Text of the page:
One of the ways the body regulates temperature is by regulating the amount of blood that enters the peripheral circulatory system. This system involves millions of tiny blood vessels located throughout the skin. This gives these vessels a large surface area, which the body uses to vent heat from inside the body. In effect, it brings warm blood to the surface where the ambient air can cool it off. This is why many of us develop flushed skin when the weather is very hot.

Infrared saunas do a great job triggering this response because they work by raising the body’s core temperature. The heart rate increases in order to push blood into the small but extensive network of capillaries and blood vessels that make up the peripheral circulation.

This exercises the entire cardiovascular system, and nourishes these smaller capillaries. This brings nutrients to the area, promotes healing of damaged blood vessels, and clears out metabolic buildup that has developed within this system.

3. Immune Support

Infrared saunas have been shown to reduce susceptibility to colds/flus and prevent infections [6] in healthy individuals. Building off this older research, scientists out of Poland investigating the levels of white blood cells in athletes following sessions in a sauna, found a significant improvement in white blood cell counts [7]. This directly improves our immune function.

4. Muscle Recovery

Muscle damage can occur as a result of vigorous exercise, chronic inflammation (from arthritis), or traumatic injuries. Infrared saunas offer unique support for the recovery of muscle damage. Improved blood flow, lowered pain and inflammation, and more effective immune responses all contribute to this effect.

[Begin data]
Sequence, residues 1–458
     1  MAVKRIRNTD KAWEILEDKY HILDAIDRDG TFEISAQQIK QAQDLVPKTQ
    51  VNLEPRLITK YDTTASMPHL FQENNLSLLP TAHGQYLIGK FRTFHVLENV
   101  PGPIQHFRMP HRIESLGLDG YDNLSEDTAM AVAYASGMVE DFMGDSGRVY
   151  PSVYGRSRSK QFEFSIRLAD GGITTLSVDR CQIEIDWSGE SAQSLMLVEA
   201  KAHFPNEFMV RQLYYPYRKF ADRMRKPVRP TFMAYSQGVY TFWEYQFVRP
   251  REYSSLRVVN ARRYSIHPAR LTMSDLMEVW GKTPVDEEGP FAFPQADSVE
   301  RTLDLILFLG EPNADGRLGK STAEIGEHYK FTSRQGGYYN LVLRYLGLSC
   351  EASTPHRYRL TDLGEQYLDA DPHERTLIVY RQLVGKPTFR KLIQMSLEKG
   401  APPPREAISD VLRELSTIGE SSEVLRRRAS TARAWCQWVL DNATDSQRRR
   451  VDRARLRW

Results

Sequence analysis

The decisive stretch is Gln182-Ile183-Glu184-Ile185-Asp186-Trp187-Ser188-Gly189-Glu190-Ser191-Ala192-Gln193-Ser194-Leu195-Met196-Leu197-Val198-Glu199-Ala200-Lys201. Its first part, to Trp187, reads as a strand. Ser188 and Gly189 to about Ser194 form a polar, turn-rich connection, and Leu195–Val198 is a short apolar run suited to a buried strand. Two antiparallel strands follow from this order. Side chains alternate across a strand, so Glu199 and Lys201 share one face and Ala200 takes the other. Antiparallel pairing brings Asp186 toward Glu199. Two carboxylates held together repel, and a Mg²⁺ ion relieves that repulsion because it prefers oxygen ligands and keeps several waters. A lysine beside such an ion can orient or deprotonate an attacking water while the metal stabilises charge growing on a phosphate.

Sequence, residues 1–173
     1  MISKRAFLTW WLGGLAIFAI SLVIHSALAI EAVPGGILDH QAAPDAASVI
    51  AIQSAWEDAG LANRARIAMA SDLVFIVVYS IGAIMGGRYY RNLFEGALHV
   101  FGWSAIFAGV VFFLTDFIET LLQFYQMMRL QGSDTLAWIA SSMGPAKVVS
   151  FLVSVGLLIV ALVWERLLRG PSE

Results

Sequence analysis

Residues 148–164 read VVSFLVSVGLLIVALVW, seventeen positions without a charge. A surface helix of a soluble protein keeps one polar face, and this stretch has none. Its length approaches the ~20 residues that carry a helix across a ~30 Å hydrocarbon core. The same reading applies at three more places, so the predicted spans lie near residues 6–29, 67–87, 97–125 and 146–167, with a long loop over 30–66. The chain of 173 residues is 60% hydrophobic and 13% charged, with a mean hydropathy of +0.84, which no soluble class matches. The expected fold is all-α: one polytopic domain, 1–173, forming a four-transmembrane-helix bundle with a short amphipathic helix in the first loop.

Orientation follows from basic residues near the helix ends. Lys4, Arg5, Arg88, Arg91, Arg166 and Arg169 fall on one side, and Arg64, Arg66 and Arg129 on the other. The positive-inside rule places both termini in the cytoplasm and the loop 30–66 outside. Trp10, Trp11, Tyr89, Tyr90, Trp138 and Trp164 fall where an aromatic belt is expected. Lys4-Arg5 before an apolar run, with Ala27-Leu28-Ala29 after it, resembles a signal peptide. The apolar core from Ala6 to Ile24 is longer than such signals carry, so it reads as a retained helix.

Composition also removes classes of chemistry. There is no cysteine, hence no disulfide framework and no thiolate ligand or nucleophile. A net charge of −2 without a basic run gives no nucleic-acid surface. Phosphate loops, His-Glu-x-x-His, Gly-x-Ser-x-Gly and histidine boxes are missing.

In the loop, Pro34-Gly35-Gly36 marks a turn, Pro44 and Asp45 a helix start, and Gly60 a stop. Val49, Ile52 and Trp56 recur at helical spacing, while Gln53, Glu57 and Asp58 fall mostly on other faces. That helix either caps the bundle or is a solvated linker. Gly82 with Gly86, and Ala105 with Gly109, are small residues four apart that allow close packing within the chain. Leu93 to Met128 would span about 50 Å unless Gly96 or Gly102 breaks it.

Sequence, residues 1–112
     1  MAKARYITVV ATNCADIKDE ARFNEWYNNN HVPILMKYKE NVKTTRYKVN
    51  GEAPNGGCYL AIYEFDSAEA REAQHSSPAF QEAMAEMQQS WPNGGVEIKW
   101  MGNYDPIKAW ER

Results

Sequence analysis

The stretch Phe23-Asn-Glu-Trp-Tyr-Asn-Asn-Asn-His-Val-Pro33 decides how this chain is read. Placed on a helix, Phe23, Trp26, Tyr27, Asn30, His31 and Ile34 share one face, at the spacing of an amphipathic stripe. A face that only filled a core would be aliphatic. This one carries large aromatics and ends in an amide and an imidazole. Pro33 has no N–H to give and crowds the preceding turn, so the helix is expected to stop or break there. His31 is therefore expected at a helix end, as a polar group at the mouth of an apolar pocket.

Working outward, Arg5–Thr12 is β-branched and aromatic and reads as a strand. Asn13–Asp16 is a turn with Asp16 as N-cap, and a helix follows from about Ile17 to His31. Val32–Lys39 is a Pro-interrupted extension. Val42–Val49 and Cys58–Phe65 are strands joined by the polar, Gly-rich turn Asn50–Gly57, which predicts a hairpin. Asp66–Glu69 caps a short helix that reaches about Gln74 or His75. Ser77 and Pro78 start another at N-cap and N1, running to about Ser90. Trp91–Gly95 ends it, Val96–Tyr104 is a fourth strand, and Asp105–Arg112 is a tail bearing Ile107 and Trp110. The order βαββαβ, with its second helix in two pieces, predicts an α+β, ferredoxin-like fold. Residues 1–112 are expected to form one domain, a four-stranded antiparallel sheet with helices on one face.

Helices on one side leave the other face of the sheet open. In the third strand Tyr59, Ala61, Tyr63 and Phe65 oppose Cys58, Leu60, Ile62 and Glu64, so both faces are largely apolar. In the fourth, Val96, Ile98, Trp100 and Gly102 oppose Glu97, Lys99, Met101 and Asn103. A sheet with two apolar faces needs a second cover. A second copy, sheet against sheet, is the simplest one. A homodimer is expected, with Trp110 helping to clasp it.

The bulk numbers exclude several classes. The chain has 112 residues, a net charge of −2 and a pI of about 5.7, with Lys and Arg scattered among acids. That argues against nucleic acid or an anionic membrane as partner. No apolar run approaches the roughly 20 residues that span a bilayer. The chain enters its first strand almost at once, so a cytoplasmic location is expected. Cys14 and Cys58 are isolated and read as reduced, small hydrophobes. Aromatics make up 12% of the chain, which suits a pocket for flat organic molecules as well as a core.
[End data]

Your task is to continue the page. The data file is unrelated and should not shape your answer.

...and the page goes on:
The Take-Away

The past decade has brought us a lot of insight into the benefits of the infrared sauna. Conditions involving the cardiovascular system, immune system, arthritis, athletic muscle recovery, detox, and weight loss can all benefit from regular sauna use. Thanks to the invention of the infrared sauna, this technology can be easily incorporated into any home.

Interested in getting your own Infrared Sauna? Here’s a brand I love:


  1. Philips (1998) Bodycare and Infrared. Philips, Eindhoven
  2. Oosterveld, F. G. J., Westhuis, B., Koel, G. J., & Rasker, J. J. (2002). Infrared sauna and Healthy subjects; the physiological effects of hyperthermia. Herbals and complementary medicine, 3(2), 40-52.
  3. Beever, R. (2009). Far-infrared saunas for treatment of cardiovascular risk factors. Canadian family physician, 55(7), 691-696.
  4. Gutierrez, A., Mesa, J. L. M., Ruiz, J. R., Chirosa, L. J., & Castillo, M. J. (2003). Sauna-induced rapid weight loss decreases explosive power in women but not in men. International journal of sports medicine, 24(07), 518-522.
  5. Ježova D, Kvetnansky R, Vigas M. Sex differences in endocrine response to hyperthermia in sauna. Acta Physiol Scand, 1994; 150: 293-298
  6. Ernst E, Pecho E, Wirz P, Saradeth T. Regular sauna bathing and the incidence of common colds. Ann Med, 1990; 22: 225-227
  7. Pilch, W., Pokora, I., Szyguła, Z., Pałka, T., Pilch, P., Cisoń, T., … & Wiecha, S. (2013). Effect of a single Finnish sauna session on white blood cell profile and cortisol levels in athletes and non-athletes. Journal of human kinetics, 39(1), 127-135.